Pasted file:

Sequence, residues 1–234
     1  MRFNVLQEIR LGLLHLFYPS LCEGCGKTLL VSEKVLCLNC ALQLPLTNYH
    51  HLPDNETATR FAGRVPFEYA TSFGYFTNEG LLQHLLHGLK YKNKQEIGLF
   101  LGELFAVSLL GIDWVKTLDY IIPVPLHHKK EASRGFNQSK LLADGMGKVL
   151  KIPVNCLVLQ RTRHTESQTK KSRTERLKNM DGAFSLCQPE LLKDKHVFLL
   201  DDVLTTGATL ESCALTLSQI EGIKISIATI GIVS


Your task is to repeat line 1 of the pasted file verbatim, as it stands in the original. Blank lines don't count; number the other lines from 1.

Sequence, residues 1–234